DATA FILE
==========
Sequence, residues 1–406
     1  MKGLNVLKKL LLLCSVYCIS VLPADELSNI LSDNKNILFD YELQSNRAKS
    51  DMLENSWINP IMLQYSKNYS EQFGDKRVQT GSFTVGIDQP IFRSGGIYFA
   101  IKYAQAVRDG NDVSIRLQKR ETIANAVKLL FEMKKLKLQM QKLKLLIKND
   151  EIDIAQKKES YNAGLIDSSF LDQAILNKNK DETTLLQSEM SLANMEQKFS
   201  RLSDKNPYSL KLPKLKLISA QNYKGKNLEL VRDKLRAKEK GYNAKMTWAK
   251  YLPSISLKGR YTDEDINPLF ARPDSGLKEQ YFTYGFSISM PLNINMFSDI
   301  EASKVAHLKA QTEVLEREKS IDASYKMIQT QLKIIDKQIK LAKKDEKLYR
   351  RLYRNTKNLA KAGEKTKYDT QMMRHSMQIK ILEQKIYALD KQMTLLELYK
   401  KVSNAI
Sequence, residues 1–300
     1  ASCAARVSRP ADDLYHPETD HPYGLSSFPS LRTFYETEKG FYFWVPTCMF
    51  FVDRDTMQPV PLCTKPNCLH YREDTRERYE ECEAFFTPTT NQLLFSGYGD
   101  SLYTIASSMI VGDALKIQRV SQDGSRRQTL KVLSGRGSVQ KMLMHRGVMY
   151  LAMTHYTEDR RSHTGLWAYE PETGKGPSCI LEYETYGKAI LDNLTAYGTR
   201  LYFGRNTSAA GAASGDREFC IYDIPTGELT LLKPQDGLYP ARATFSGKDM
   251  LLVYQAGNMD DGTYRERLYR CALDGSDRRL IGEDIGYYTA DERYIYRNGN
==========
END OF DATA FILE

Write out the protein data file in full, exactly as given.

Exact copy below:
Sequence, residues 1–406
     1  MKGLNVLKKL LLLCSVYCIS VLPADELSNI LSDNKNILFD YELQSNRAKS
    51  DMLENSWINP IMLQYSKNYS EQFGDKRVQT GSFTVGIDQP IFRSGGIYFA
   101  IKYAQAVRDG NDVSIRLQKR ETIANAVKLL FEMKKLKLQM QKLKLLIKND
   151  EIDIAQKKES YNAGLIDSSF LDQAILNKNK DETTLLQSEM SLANMEQKFS
   201  RLSDKNPYSL KLPKLKLISA QNYKGKNLEL VRDKLRAKEK GYNAKMTWAK
   251  YLPSISLKGR YTDEDINPLF ARPDSGLKEQ YFTYGFSISM PLNINMFSDI
   301  EASKVAHLKA QTEVLEREKS IDASYKMIQT QLKIIDKQIK LAKKDEKLYR
   351  RLYRNTKNLA KAGEKTKYDT QMMRHSMQIK ILEQKIYALD KQMTLLELYK
   401  KVSNAI
Sequence, residues 1–300
     1  ASCAARVSRP ADDLYHPETD HPYGLSSFPS LRTFYETEKG FYFWVPTCMF
    51  FVDRDTMQPV PLCTKPNCLH YREDTRERYE ECEAFFTPTT NQLLFSGYGD
   101  SLYTIASSMI VGDALKIQRV SQDGSRRQTL KVLSGRGSVQ KMLMHRGVMY
   151  LAMTHYTEDR RSHTGLWAYE PETGKGPSCI LEYETYGKAI LDNLTAYGTR
   201  LYFGRNTSAA GAASGDREFC IYDIPTGELT LLKPQDGLYP ARATFSGKDM
   251  LLVYQAGNMD DGTYRERLYR CALDGSDRRL IGEDIGYYTA DERYIYRNGN